March of 2015, I went to Arcata, CA on a road trip to try and get my head clear. I was at the beginning of a divorce, and in deep uncertainty about everything around me. I went and stayed with my friend Katie.
It happened to be during a full moon eclipse. And one that created the effect of turning the moon red, what they call a “blood moon.” The eclipse was at it’s fullest as about 5:30 in the morning. It must have been pretty intense, because I woke up at the height of it. I went to the window and watched it for a while, until it looked like there was a bite of glowing white returning to it. I tried to go back to sleep, but couldn’t.
As I sat restlessly surfing images on my iphone, trying to make myself sleepy again, I came across a Shiva/Shakti image, the kind where the two are one, half male, half female. The God/Goddess is called Ardhanarishvara.
As I meditated on the image, I started to think about the depictions of the chakras, and the conceptions of gender, and the experiences of my physical body that helped me to make sense of the concept of chakra. I was thinking about the kitchy way chakras are often depicted, taking the precision of the ancient patterns and turning them into predictable, unemotional circles. I wondered whether it was possible to dig deeper into the feeling of my yoga practice and find images there. I was staring at the root chakra on the painting, thinking about my root, and what the root chakra symbolizes.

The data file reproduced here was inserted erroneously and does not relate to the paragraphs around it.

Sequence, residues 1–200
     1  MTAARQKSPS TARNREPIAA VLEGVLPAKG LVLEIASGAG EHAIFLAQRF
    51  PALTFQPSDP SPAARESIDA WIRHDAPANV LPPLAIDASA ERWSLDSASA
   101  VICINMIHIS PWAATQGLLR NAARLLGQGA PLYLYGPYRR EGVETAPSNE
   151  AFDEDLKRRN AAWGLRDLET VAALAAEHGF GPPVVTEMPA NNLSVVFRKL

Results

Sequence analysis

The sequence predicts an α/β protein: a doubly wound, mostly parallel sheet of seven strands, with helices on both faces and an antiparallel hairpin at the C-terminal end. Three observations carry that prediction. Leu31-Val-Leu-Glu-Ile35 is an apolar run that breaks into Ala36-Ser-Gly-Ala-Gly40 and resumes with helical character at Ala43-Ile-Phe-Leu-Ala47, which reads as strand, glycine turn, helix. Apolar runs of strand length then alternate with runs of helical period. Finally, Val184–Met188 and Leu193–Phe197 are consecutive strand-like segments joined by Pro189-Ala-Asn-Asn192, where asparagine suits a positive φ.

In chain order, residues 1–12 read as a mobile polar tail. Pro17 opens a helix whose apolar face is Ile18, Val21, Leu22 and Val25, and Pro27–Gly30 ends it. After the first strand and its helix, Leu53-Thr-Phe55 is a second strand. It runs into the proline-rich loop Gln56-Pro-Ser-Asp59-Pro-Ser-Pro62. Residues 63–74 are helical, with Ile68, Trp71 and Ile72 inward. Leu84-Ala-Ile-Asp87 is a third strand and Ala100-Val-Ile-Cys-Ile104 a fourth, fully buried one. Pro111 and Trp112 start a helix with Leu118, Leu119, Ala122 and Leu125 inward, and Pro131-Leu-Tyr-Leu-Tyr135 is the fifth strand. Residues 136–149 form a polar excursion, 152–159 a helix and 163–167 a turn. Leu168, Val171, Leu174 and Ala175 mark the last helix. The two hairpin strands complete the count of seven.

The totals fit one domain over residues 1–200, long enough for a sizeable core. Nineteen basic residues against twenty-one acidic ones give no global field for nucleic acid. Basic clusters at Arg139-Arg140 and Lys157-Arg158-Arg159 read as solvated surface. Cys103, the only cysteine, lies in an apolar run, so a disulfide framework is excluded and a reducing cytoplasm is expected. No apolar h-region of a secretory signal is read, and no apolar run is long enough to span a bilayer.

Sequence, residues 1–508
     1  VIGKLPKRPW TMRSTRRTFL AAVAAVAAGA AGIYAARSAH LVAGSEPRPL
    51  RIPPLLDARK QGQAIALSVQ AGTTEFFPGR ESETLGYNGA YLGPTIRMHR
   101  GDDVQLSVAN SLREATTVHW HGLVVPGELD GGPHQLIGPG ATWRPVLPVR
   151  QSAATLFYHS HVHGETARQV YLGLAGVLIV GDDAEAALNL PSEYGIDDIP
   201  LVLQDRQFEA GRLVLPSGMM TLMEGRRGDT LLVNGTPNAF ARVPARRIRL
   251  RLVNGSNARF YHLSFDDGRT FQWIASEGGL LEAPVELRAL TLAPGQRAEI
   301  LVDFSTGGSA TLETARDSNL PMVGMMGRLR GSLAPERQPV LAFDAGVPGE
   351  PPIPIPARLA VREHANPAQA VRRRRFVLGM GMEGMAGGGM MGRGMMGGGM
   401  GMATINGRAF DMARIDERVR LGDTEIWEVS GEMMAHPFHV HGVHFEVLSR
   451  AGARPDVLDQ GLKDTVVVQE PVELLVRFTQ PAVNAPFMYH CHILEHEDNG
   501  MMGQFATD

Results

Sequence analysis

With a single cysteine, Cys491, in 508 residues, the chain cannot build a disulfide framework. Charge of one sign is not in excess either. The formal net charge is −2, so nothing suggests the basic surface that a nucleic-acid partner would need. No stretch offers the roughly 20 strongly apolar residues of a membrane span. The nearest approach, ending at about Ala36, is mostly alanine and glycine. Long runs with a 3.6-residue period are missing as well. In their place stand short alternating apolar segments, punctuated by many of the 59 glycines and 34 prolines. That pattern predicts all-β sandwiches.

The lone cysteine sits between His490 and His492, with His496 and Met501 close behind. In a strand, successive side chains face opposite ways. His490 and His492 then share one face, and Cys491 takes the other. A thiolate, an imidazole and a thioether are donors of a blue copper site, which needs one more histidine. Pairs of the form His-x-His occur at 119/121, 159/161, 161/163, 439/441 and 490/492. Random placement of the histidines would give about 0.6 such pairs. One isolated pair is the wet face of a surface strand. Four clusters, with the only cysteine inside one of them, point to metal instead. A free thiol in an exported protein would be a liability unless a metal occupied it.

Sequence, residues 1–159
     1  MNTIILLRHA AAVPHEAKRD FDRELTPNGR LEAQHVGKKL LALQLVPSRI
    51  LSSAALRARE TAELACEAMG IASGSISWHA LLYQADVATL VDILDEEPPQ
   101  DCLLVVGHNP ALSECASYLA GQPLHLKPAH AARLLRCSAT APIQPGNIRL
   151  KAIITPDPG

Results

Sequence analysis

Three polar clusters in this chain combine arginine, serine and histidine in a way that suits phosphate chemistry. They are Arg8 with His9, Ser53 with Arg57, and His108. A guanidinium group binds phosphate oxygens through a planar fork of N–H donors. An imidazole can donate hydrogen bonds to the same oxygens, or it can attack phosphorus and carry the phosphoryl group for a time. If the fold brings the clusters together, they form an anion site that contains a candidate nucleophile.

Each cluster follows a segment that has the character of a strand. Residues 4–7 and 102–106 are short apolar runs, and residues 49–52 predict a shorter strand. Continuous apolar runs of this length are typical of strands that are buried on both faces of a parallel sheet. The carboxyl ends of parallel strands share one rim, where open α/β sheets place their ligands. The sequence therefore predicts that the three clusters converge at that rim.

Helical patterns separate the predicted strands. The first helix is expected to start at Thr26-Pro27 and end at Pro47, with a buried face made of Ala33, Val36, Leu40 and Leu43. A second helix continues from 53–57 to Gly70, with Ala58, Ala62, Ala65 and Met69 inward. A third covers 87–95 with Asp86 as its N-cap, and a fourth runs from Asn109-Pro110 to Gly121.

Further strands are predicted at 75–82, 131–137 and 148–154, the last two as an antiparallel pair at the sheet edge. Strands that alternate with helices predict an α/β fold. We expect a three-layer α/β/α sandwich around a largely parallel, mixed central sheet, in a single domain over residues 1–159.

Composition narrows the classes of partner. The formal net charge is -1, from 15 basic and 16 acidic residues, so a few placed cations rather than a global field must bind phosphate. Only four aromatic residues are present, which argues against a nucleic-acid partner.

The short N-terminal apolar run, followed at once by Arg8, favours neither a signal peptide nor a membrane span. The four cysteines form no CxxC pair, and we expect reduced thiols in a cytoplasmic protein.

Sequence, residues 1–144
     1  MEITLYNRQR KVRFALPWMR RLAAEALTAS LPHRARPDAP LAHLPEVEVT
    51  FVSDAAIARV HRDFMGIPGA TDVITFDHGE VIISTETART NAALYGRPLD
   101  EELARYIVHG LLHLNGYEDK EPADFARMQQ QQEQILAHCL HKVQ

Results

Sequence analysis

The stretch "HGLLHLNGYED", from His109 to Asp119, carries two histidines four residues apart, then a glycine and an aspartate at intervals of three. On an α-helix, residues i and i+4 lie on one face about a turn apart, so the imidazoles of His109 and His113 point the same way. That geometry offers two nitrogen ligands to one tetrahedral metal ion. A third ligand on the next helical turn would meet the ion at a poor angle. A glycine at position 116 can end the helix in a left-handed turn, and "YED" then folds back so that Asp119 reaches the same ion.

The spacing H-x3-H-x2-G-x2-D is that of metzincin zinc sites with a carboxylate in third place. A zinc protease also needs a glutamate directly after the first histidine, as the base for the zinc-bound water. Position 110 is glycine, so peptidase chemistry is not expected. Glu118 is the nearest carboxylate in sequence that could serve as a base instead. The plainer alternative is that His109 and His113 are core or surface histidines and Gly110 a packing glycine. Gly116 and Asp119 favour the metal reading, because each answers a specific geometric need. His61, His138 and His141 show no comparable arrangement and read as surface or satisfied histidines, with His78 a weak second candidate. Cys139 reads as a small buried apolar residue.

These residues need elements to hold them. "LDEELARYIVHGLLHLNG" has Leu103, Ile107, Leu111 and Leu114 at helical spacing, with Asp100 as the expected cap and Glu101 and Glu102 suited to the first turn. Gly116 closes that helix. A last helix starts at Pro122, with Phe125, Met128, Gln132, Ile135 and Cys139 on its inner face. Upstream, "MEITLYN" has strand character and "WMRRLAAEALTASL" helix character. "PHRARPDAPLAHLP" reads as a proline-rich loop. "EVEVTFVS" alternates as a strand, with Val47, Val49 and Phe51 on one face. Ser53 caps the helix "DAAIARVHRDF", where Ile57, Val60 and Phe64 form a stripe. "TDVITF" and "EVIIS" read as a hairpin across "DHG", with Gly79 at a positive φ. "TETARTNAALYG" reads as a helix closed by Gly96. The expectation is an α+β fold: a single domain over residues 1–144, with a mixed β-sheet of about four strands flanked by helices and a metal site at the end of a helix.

Thinking about yabyum, and Shiva/Shakti, and the energy that passes between lovers in tantric sharing.
It was in that moment that I had an epiphany.
A vision of images downloaded into my head, and I was suddenly aware of an entire map of paintings that I needed to do. I saw a series of chakra paintings, but not the usual stylized mandalas, these were expressive, gestural images that expressed the emotional and energetic experience of the chakras.
And it didn’t stop at chakras. The vision included the ten sefirot and the chakras, both individually, in their specific configurations, but then also a final three panel series in which one giant 10 foot landscape was the chakras, one was the sefirot, and the third (middle one) was the two combined into a huge integrated piece.
The images came fast and furious. It wasn’t jsut about the chakras and sefirot, it was also about my painting process. These images would be a huge series of paintings, built from my latest style of pen and ink and water color, moving through the gestural oil stick paintings, and into larger more defined oil paintings. I would practice having a practice. I would map the imagery as it developed and create pieces that were rooted in the practice I developed.
I became so excited I took myself for a long walk and sat near the bay, on a bench in the wetlands, and began to map my thinking.